The most changes involved Computer City, which has a store-opening plan for 1996 through 2000 of 20 to 30 new stores per year, 20 Superstores and 10 Express outlets, Roach said. Its five-year strategy includes “new merchandise departments, new service departments, and expansion of marketing programs.”
“Computer City has transitioned from a start-up to a mature operation, using Tandy’s infrastructure,” said Bush.
During 1994 the chain’s sales were $1.2 billion, this year they should hit $1.9 billion, and by the year 2000 sales of $7 billion are projected to come through 250 stores, he said. By the end of this year the chain will operate 99 stores, 66 domestically, and the balance in five markets overseas.
Bush also announced an agreement with Power Computing to become the exclusive superstore retailers of Apple Macintosh-compatible systems. “We will go after the Mac educational market sell these products not only in each of our stores, but through our corporate sales and Computer City Direct Groups.”
Each of the Power Computing systems will feature the 100MHz PowerPC 601+RISC processor, a 256K Level Cache, Quad-Spin (4X) CD-ROM, and 15 software titles. The vendor has also authorized Computer City’s Technical Service Departments as service centers for the line.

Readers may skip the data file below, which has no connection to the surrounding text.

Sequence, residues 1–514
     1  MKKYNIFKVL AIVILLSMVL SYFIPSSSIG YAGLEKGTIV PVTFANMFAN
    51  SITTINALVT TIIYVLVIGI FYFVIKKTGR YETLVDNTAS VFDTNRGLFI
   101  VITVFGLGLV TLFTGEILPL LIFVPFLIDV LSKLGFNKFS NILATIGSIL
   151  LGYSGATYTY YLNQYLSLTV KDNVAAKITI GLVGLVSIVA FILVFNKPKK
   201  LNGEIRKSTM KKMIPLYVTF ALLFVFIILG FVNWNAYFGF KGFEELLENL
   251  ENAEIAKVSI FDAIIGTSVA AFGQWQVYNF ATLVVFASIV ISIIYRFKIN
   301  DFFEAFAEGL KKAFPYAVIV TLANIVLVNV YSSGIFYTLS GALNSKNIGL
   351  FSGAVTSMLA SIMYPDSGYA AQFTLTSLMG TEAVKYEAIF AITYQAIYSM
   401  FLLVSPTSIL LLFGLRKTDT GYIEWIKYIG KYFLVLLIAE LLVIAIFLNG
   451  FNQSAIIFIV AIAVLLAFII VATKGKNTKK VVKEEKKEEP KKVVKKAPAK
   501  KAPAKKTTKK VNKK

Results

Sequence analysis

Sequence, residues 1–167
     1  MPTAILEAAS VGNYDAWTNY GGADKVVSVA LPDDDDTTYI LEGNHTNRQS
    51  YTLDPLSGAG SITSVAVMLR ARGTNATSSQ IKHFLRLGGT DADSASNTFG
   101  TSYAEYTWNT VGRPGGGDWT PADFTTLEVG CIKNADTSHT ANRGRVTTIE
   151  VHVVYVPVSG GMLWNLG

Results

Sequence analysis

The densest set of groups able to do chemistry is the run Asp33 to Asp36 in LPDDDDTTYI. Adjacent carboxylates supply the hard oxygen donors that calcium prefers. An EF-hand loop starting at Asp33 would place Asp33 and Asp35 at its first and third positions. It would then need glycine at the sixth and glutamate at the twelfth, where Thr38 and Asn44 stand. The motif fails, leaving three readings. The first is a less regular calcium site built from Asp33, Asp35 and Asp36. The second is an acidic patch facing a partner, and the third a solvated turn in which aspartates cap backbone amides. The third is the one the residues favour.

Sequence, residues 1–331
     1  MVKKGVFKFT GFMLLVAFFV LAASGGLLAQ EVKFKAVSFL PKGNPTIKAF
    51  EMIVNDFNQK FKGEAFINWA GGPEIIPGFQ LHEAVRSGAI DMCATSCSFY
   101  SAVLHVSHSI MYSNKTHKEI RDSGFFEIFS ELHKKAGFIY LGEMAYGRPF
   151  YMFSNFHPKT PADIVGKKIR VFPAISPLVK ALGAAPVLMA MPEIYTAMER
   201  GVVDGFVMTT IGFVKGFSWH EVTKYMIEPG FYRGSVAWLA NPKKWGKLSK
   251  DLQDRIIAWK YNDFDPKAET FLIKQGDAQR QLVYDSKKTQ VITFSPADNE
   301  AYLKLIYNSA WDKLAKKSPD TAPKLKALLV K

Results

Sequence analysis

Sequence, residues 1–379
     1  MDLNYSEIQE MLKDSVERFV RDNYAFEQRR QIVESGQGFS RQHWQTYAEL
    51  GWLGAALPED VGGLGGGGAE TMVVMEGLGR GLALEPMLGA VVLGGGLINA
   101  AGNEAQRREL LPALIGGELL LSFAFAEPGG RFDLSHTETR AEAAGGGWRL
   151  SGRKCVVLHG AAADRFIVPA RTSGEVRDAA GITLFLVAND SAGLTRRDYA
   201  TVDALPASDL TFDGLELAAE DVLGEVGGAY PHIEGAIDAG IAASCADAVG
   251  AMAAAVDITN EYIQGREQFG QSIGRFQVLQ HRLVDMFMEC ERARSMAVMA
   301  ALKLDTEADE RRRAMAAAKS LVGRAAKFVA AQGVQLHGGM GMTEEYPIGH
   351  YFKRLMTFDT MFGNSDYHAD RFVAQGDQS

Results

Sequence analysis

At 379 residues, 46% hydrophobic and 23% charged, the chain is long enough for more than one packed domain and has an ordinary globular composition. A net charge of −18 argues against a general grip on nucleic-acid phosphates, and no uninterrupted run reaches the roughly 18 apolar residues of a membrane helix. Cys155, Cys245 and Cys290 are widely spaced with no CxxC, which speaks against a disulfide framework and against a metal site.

Bush noted that Computer City will add and broaden product lines, such as cellular phones, modems and video conferencing.
Computer City also plans to build a large direct-mail program, Bush said. “We mail our catalog to 1 million consumers, and many of them shop by mail order.”
And the chain will become the first national retailer in the American Airlines AAdvantage Program, starting November 1. One AAdvantage mile will be awarded for every pre-tax dollar spent. Product purchases, software training classes, and certain repairs and installations will be considered qualifying purchases.
Reviewing much of what was discussed during an August press conference in New York (TWICE, August 21, page 4), RadioShack’s Roberts reported that the chain has reached an agreement with Sony for its Repair Shop operation to do in-warranty repairs on the manufacturer’s products. This agreement is similar to other strategic agreements with ADT Security Systems, GTE, IBM, Monitoring Systems, Nokia and Orca.–Steve Smith